Saturday, 5 February 2011

Revanche (2008) - Götz Spielmann

Good little film this, not quite as good as it thinks it is, but well worth watching at least once. I wasn't as keen second time round, I found the pacing to be just a little too slow, and my attention wandering since I already knew the outcome. Still as I said well worth watching once. The acting is of the solid variety, all five of the leading actors bring something emotional to the film, no grandstanding or scene stealing, just good honest ensemble acting, the kind you find in modern European films all the time, but very rarely in their American counterparts. The script (also by Spielmann) and direction are equally tight. Spielmann directs the first half of the film with a detached almost cold style, which warms up as the film progresses. There's no shaky cam shots here, it's either static observational just outside the doorway shots, or nicely composed dolly efforts. A director who knows what he's doing and why, and therefore places his camera with confidence.

Revanche is split neatly into two halves by a single event, it's this event that brings all the characters together. Sometimes when this sort of device is used in films it can feel really forced and unnatural, not here though. Alex is an ex con working for a shitbag gangster at a brothel in Vienna, his girlfriend is Tamara, a Ukrainian prostitute working at said brothel. Robert is a policeman in a small town in the Austrian countryside, he's married to Susanne, they want kids but Robert is firing blanks. The final piece of the puzzle is Alex's grandfather Hausner who lives in the same area as Robert and Susanne. Alex decides that it's time for him and Tamara to get away, start afresh somewhere else. Now like most couples intent on change they need a bit of cash, so what better way to do that then robbing the bank in your grandfather's town? It's this moment that changes the direction of the film and brings all of our players together.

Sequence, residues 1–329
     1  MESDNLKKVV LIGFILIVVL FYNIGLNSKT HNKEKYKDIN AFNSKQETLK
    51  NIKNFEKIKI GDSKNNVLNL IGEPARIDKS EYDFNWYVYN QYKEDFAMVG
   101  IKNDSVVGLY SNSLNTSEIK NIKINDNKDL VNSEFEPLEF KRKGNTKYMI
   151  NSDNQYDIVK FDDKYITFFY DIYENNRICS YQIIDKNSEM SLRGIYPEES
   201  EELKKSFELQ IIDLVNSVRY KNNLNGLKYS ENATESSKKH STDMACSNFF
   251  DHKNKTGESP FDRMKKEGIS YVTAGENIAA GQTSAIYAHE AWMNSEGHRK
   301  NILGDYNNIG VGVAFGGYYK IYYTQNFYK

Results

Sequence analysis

As I said earlier the film does slow down in the second half, and makes the whole seem a little lopsided. It's a small niggle though for what is essentially a decent well directed, well acted little film. There are some great moments and themes running through the film, all of the main characters are in a sense prisoners in one way or another, Susanne is even filmed through the windows of her home as if they were bars. The opening image is of a gun being thrown into a lake, the peace of the water being broken by such a violent object, which then causes ripples to echo out across the lake. This image is the central theme of the film, very smart. The revenge of the title, might not quite turn out to be what you expect, I do like tings like that. I look forward to whatever Spielmann comes up with next. What higher recommendation can I give than that? 

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